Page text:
Words: Piers Ward
    Pictures: Alex Lake

    This feature first appeared in Top Gear magazine 

  9. Robot- [rəʊbɒt]: a machine capable of carrying out a complex series of actions automatically. But despite what scientists in labs or lexicographers in libraries say, Honda’s pet robot Asimo feels substantially more than just a simple blanched automaton. Why? Because when you first see him walk into a room, you’re left with a sense that something properly alive has just wandered in. Not a spine-shivering horror-movie feeling - Asimo is friendlier than that - but we’ve all seen too many Terminator flicks not to find an animate droid just a little bit odd.

    Honda is hoping we’ll collectively get a little more comfortable with humanoid helpers, because ultimately, in a departure from punting out bread-and-butter Civics, it wants to actually sell you an Asimo.

    The grand plan is for household Asimos, helping out the elderly or the disabled, and generally being useful. That dream is some way off for now, because Asimo is just an engineering project and can’t actually think for himself with any relevance to real-world situations. He’s even got three controllers to make sure he doesn’t go AWOL.

    He’s still fascinating, though. And strangely appealing. Weirdly, there’s a character here - a personality you want to befriend and experience. Even the Honda engineers admit they have a favourite version. The one we’ve seen today is their preferred ‘bot because he’s better at picking out the markings on the floor which direct him through his various pre-programmed routines.

    There’s no reason for it. Technically, ‘our’ Asimo and the one waiting in reserve, the slightly dodgy substitute with a habit of throwing the game away, are identical. But these character traits, which shouldn’t exist in near-identical collections of metal and plastic, only reinforce that feeling of something being not quite normal here.

    Yes, we keep referring to Asimo as ‘him’, unlike the Honda boffins who insist on referring to Asimo as ‘it’. But if you meet him, you’ll agree that it doesn’t feel right to dehumanise him.

    But you can go too far with the humanity, apparently. Get a bit too close for comfort. They can become too familiar to us - scientists call this the Uncanny Valley. Show us a machine that looks like a machine, and we’re indifferent. Yet as the design gets more human-like, we get more attached. There is then a tipping point, where if the robot gets too lifelike, we freak out and turn the power off. Hence the reason that Asimo has a mask and a helmet.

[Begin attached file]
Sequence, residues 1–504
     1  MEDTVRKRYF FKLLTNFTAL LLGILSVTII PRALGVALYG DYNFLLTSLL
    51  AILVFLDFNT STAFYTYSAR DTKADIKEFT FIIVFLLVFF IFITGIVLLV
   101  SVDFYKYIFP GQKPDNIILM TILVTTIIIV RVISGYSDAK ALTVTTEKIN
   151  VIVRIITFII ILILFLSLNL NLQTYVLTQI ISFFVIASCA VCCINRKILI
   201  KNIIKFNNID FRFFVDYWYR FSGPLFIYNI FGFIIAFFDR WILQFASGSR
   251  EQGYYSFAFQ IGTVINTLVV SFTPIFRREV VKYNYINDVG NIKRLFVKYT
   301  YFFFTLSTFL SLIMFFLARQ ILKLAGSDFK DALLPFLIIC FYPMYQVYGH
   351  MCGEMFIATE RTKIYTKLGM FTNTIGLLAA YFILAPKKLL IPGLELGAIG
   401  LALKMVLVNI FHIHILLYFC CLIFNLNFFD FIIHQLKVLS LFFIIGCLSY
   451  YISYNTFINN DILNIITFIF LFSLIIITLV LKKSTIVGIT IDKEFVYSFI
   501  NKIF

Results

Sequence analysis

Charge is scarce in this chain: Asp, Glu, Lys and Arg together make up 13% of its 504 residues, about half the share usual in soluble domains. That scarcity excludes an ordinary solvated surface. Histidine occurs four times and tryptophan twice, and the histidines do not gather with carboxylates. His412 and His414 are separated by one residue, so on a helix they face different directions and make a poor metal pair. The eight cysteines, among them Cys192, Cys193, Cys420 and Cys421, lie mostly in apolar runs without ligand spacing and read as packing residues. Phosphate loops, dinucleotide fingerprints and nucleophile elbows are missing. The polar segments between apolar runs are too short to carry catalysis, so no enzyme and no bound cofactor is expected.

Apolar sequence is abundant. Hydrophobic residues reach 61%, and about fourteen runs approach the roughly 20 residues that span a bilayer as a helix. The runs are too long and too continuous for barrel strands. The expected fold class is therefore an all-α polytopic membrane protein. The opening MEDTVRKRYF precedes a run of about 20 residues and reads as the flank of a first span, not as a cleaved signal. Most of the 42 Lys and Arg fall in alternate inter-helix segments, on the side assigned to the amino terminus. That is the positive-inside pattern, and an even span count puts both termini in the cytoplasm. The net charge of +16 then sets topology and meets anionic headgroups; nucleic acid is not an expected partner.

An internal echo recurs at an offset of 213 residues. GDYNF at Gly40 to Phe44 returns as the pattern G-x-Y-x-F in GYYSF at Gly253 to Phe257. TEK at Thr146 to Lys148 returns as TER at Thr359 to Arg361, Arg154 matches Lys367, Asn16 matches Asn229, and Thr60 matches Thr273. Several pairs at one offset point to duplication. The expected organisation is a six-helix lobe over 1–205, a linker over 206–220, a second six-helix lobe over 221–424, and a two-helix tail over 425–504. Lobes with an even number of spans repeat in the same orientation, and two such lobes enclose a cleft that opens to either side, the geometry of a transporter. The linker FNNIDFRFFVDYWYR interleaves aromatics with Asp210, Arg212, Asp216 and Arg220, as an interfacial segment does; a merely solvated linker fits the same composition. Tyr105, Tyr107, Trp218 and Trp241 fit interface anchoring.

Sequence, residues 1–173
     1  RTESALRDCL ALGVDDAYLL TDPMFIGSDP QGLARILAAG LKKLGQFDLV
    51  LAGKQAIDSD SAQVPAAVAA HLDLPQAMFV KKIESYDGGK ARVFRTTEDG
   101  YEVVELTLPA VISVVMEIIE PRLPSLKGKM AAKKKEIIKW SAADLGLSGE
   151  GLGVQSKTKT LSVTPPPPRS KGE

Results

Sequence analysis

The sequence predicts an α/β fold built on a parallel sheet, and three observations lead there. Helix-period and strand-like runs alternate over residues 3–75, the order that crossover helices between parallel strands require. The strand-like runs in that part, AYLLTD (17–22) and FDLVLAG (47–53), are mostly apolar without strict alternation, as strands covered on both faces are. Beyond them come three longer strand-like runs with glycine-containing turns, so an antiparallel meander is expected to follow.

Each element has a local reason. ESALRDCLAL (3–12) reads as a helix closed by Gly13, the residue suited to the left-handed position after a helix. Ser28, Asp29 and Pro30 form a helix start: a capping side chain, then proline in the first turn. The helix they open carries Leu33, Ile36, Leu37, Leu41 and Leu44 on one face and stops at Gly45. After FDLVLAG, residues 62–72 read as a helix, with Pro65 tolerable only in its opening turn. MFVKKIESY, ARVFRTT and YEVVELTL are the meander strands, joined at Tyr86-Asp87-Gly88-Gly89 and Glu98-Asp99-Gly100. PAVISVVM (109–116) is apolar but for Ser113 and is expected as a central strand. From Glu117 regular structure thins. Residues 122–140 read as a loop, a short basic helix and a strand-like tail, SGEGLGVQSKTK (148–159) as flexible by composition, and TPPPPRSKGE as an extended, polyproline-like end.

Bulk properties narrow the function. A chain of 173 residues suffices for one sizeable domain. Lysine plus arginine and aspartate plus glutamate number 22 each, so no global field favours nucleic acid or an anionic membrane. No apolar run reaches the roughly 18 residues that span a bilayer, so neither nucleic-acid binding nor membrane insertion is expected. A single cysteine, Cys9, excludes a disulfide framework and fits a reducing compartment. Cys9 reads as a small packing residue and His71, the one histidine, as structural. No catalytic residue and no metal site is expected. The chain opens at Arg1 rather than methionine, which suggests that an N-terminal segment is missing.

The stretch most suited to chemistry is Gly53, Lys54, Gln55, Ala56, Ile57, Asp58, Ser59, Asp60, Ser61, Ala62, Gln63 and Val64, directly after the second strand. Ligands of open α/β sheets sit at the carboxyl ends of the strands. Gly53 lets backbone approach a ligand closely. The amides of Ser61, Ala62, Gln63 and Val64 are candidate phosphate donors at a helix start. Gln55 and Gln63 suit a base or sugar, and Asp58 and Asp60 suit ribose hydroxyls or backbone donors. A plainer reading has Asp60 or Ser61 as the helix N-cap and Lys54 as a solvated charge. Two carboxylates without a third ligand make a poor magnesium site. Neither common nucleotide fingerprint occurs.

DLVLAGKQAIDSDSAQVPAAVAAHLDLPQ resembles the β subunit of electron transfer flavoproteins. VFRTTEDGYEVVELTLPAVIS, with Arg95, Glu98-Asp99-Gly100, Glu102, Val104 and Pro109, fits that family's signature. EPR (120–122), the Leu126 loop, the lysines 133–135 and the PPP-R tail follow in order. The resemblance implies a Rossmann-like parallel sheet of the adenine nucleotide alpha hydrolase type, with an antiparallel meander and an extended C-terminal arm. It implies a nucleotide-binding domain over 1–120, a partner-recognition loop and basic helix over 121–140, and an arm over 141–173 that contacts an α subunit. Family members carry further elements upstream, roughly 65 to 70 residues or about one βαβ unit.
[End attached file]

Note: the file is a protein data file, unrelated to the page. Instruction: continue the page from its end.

Which brings us to the meeting of the two white non-humans. Asimo, poor little thing, seemed genuinely excited to meet what he must have thought was what he’d be when he grows up. Like watching a puppy meet a full-grown pitbull.

    Asimo tried to please, he really did, and there was a vague hint of a smile beneath his visor, but The Stig was indifferent. Not nasty, but very much on a different intellectual level.

    We tried to introduce them, then the thing in white got impatient with the robot in white, and simply drove off. Proving that, in a battle of white goods, there can only be one winner.

    Words: Piers Ward
    Pictures: Alex Lake

    This feature first appeared in Top Gear magazine 

  10. Robot- [rəʊbɒt]: a machine capable of carrying out a complex series of actions automatically. But despite what scientists in labs or lexicographers in libraries say, Honda’s pet robot Asimo feels substantially more than just a simple blanched automaton. Why? Because when you first see him walk into a room, you’re left with a sense that something properly alive has just wandered in. Not a spine-shivering horror-movie feeling - Asimo is friendlier than that - but we’ve all seen too many Terminator flicks not to find an animate droid just a little bit odd.

    Honda is hoping we’ll collectively get a little more comfortable with humanoid helpers, because ultimately, in a departure from punting out bread-and-butter Civics, it wants to actually sell you an Asimo.

    The grand plan is for household Asimos, helping out the elderly or the disabled, and generally being useful. That dream is some way off for now, because Asimo is just an engineering project and can’t actually think for himself with any relevance to real-world situations. He’s even got three controllers to make sure he doesn’t go AWOL.